For us, it’s the additional benefits and not just the fast shipping that make Prime worth considering: Prime Video (which is excellent), Amazon Music streaming, Twitch Prime access, online photo storage, access to free Kindle books, and other money-saving Amazon bits and pieces. We’d advise you to read through all the benefits and think long and hard before you commit.
10) Student? Get Prime for peanuts!
If you’re currently in UK higher education (and can prove it to Amazon), you can sign up for Amazon Student, a service with many of the benefits of full Prime membership at a fraction of the price.
For starters, you get the service – which features free one-day delivery, discounts on textbooks and other student-related products, access to Prime Video and Prime Music, and unlimited cloud photo storage – for six months entirely free-of-charge. If you don’t cancel it before the trial ends, it’ll then flip to a regular annual subscription of £39 (which is still £40 a year less than regular Prime).
11) Don’t miss out on free reading material…
Prime Reading is a brand new addition to the Prime benefits line-up, bringing a rotating roster of free reading material to members.
The thousands-strong library includes books (including big names like Harry Potter and Slaughterhouse Five), graphic novels and magazines. Prime members can “borrow” up to 10 items at once, accessing them via Kindle devices or iOS/Android tablets and smartphones.
12) …Or “free” music downloads
Bought any CDs or LPs on Amazon in the past decade or so? If you have a Prime account, click here to check if you can download MP3 versions for free. We tried it and were surprised to find well over 100 tracks that we could download, based off a bunch of albums we’d forgotten buying. Useful if you’ve lost your original physical albums – or given them to someone else…
13) Pantry’s on fire
Exclusive to Prime members, Amazon Pantry is a way of receiving large boxes full of everyday essentials (household products and dry/canned/bottled groceries, mainly) at a low cost. It’s a good alternative to online shopping through your supermarket.
Listen up, Prime subscribers with a rumbling tummy. Amazon now has its very own answer to Deliveroo or Uber Eats in the form of Amazon Restaurants: a service whereby you order food from nearby restaurants (with a bent towards good quality establishments) and have it whisked to your door within the hour. Use the code AMAZON8 at checkout to get £8 off your first order.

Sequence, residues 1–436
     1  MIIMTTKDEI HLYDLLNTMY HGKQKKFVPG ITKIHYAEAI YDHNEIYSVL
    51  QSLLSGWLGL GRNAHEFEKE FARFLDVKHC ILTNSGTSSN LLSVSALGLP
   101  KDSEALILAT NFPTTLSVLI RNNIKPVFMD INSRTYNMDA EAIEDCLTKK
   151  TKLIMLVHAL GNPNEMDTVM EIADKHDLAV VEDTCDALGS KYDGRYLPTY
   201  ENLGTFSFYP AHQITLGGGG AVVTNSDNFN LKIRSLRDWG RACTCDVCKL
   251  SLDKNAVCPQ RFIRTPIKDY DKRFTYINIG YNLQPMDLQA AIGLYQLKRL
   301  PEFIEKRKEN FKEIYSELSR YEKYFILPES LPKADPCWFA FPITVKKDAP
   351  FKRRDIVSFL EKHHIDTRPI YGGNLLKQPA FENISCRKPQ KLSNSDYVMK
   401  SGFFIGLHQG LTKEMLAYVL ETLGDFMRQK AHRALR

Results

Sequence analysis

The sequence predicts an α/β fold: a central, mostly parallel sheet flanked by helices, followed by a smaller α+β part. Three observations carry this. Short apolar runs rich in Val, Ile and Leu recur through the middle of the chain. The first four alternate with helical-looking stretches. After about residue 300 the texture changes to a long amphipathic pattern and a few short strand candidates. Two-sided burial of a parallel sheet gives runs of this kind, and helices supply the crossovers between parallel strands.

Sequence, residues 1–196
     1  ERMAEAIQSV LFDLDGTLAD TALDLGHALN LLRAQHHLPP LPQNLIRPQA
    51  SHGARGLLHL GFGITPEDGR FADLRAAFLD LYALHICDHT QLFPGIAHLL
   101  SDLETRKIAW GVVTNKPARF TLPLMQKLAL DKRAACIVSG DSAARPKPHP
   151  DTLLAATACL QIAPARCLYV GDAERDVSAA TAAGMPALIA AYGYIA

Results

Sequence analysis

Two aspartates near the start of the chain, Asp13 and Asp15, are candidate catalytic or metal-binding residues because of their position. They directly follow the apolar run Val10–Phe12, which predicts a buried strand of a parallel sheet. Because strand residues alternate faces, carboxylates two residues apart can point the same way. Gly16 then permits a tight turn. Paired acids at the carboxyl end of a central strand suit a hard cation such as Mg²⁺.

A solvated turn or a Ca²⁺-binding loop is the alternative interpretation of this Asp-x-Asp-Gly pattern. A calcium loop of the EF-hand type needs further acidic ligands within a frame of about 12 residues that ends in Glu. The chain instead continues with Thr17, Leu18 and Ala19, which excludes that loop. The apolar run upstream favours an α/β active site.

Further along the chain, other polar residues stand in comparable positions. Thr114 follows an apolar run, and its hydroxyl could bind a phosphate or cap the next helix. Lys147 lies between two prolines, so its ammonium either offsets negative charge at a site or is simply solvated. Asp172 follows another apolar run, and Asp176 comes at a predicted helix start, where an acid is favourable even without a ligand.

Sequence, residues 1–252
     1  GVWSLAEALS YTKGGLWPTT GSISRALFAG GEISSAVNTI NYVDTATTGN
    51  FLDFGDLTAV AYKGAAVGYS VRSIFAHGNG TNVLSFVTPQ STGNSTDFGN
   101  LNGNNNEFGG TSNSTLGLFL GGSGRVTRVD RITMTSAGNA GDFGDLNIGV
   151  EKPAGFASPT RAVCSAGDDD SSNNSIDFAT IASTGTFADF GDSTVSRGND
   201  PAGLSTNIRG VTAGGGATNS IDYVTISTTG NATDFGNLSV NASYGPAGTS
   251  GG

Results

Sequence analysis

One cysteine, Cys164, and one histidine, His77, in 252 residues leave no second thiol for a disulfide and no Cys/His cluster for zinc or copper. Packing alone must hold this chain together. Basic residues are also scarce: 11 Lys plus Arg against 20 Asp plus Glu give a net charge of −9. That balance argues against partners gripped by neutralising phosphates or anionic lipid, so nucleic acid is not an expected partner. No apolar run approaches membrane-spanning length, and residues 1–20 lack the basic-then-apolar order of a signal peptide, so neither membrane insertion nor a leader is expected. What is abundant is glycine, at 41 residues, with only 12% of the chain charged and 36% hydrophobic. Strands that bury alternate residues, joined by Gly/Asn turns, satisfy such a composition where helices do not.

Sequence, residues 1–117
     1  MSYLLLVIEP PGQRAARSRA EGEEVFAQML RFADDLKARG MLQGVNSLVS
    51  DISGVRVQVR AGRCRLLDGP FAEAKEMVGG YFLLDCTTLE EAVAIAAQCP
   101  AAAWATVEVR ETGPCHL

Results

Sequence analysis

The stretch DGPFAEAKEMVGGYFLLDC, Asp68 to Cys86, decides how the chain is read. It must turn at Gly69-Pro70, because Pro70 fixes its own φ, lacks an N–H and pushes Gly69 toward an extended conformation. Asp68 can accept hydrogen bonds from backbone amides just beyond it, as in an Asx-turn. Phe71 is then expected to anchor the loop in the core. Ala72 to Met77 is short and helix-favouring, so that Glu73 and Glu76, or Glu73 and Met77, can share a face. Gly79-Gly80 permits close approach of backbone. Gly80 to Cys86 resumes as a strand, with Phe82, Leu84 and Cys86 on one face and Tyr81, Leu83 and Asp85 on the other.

15) In no rush? Get free money
One of Prime’s better benefits is the chance to get free money to spend on Kindle books, Amazon Music and Amazon Video. Select “No rush” shipping instead of the same day/one-day option at the checkout and Amazon will give you £1 credit towards your next Kindle, Amazon Music or Amazon Video purchase (NB: orders need to be over £3 to give you the benefit, so you can split orders to maximise your credit rewards).
16) Unmask fake reviews
Amazon’s user-written reviews are generally an asset, giving prospective buyers a sense of what to expect from a product they may purchase. However, it’s also possible for the maker of a product to flood its page with fake positive reviews in an attempt to hoodwink you into spending your money on shoddy goods.
Enter product pages into online tool Fakespot to identify these rotters.
17) Reward yourself
Need a new credit card and want to make some Amazon savings along the way? Apply for the Amazon Platinum MasterCard: you’ll get a £10 voucher for starters, and then Amazon reward points when you use the card (1.5 points for every £2 spent on Amazon, 1 point for every £2 spent elsewhere); each 1000 reward points you accrue will get you another £10 Amazon voucher.
18) Make a wish (list)
Save products you want but can’t afford right now on a Wish List. If these are kept to the default “Public” setting, friends and family will be able to browse them – if you’re lucky, maybe they’ll buy you something from your as a gift? You can do the same for them if you’re feeling generous, of course.
Wish Lists (and you can make multiple lists if you want) are also a great way to keep prospective purposes organised.
19) Amazon vs Amazon Marketplace
It pays to know the difference between the “normal” Amazon online store and Amazon Marketplace. The latter is an e-commerce platform where third-party sellers can offer their wares alongside Amazon’s own fixed-price goods, and in some cases use Amazon’s delivery service to fulfil orders.
While it means you might get a price that’s cheaper than Amazon’s own, it also means that Marketplace items are not always subject to Amazon’s shipping pricing scheme, or its customer service guarantee. Bear that in mind before buying.
20) The cheapest way to get free shipping
For non-Prime members, Amazon offers free Super Saver Delivering shipping on orders totalling £20 or more. That can be a mite irritating if you’re buying a product that costs £19.12, so check out this tool, which suggests items that’ll bump your basket to just the right amount.